Could worms provide relief for autoimmune disorders?


In 1976 researcher J. A. Taunton infected himself with parasitic hookworms (a helminth), and found that his allergy symptoms disappeared as long as he was infeted1. This finding was resoundingly ignored for the following 20 years. However, resurgence in Helminth therapy is underway. A number of academic research groups and companies alike are investigating the potential of parasitic hookworms as allergy therapy. Our immune systems evolved a specific strategy to handle parasitic worm infections that relies on a specific subset of white blood cells (T lymphocytes), that is called the Th2 response. The prevailing hypothesis states that in the absence of any type of parasitic infection (as generally occurs in modern western society), the Th2 response starts attacking innocuous things such as pollen, food particles etc., which ultimately leads to health problems including allergies, asthma and eczema.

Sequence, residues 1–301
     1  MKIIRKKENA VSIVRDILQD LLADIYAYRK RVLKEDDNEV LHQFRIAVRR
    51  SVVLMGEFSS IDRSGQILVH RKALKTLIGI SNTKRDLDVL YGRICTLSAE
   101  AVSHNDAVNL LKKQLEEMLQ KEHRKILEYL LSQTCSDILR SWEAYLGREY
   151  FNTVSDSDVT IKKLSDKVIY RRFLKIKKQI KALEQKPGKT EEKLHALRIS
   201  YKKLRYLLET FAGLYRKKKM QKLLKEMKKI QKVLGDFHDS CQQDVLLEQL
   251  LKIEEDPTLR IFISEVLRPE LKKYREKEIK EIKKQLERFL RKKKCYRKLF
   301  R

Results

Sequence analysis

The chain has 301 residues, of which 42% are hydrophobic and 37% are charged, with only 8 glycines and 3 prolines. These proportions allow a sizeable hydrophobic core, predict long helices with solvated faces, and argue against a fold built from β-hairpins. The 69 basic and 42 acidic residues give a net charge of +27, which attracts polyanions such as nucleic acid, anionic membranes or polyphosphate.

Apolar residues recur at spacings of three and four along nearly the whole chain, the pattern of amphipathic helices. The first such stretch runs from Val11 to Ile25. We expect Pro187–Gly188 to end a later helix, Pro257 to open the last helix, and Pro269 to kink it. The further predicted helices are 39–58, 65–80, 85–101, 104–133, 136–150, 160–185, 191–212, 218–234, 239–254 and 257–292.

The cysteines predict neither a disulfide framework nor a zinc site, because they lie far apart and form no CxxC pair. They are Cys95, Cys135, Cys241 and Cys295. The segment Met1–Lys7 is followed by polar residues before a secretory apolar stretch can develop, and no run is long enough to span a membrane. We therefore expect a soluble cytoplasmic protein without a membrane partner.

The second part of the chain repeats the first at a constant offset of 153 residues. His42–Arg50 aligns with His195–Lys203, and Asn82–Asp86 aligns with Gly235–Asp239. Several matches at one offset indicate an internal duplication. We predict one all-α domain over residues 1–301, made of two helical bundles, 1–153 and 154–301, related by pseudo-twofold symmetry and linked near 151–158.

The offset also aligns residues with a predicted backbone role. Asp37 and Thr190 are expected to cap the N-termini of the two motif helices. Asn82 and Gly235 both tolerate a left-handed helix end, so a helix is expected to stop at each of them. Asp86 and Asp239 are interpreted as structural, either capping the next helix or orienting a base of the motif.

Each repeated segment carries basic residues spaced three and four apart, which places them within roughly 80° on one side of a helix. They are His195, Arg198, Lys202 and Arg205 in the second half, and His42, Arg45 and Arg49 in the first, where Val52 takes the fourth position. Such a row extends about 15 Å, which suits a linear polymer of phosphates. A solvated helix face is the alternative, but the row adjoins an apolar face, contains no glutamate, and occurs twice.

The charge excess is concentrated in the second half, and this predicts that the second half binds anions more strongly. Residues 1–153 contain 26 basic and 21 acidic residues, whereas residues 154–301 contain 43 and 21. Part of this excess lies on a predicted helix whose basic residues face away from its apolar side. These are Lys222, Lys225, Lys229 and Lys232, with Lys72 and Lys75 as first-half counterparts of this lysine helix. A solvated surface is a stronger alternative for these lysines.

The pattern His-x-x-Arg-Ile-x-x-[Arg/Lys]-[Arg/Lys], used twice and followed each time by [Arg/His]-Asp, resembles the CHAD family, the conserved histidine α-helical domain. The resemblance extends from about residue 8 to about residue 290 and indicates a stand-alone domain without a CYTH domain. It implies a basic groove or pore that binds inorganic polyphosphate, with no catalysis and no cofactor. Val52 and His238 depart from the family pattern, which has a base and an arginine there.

Researchers at Monash University have recently identified a molecule from hookworms that may lead to an effective autoimmune therapy without having to resort to infecting people with parasites2.



  1. Turton, J.A. (1976) IgE, parasites, and allergy. The Lancet ii:686.
  2. Chhabra, S. et al., (2014) Kv1.3 channel-blocking immunomodulatory peptides from parasitic worms: implications for autoimmune diseases. FASEB J. June 2. pii: fj.14-251967.